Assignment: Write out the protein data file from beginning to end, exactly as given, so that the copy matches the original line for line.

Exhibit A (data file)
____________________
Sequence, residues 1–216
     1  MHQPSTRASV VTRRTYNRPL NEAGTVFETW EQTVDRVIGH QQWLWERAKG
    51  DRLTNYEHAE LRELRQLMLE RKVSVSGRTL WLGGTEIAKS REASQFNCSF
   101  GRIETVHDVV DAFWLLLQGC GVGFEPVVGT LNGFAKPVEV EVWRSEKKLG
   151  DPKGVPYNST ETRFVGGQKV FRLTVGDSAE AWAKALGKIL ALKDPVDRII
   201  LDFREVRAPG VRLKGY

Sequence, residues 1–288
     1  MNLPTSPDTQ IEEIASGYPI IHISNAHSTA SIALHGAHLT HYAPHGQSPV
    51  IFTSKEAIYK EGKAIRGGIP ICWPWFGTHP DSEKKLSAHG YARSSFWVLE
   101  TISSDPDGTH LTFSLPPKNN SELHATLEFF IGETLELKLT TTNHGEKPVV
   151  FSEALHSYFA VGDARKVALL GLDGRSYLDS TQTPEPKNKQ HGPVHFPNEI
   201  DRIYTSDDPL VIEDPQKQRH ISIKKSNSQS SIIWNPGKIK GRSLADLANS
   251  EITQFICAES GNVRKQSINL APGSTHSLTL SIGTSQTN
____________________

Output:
Sequence, residues 1–216
     1  MHQPSTRASV VTRRTYNRPL NEAGTVFETW EQTVDRVIGH QQWLWERAKG
    51  DRLTNYEHAE LRELRQLMLE RKVSVSGRTL WLGGTEIAKS REASQFNCSF
   101  GRIETVHDVV DAFWLLLQGC GVGFEPVVGT LNGFAKPVEV EVWRSEKKLG
   151  DPKGVPYNST ETRFVGGQKV FRLTVGDSAE AWAKALGKIL ALKDPVDRII
   201  LDFREVRAPG VRLKGY

Sequence, residues 1–288
     1  MNLPTSPDTQ IEEIASGYPI IHISNAHSTA SIALHGAHLT HYAPHGQSPV
    51  IFTSKEAIYK EGKAIRGGIP ICWPWFGTHP DSEKKLSAHG YARSSFWVLE
   101  TISSDPDGTH LTFSLPPKNN SELHATLEFF IGETLELKLT TTNHGEKPVV
   151  FSEALHSYFA VGDARKVALL GLDGRSYLDS TQTPEPKNKQ HGPVHFPNEI
   201  DRIYTSDDPL VIEDPQKQRH ISIKKSNSQS SIIWNPGKIK GRSLADLANS
   251  EITQFICAES GNVRKQSINL APGSTHSLTL SIGTSQTN